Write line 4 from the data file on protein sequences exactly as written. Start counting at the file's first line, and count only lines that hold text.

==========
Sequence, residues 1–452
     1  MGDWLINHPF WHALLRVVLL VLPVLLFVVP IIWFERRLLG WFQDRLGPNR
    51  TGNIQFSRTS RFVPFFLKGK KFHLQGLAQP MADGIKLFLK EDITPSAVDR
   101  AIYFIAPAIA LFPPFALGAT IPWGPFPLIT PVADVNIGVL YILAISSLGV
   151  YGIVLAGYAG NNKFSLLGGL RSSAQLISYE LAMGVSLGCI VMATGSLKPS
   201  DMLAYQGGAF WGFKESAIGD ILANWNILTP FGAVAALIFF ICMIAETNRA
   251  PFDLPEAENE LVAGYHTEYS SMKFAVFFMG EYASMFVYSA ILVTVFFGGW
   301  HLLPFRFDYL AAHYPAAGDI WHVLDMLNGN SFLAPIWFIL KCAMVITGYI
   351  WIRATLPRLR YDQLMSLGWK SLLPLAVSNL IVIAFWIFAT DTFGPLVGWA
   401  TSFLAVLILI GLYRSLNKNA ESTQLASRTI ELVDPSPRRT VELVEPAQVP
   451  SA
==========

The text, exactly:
   101  AIYFIAPAIA LFPPFALGAT IPWGPFPLIT PVADVNIGVL YILAISSLGV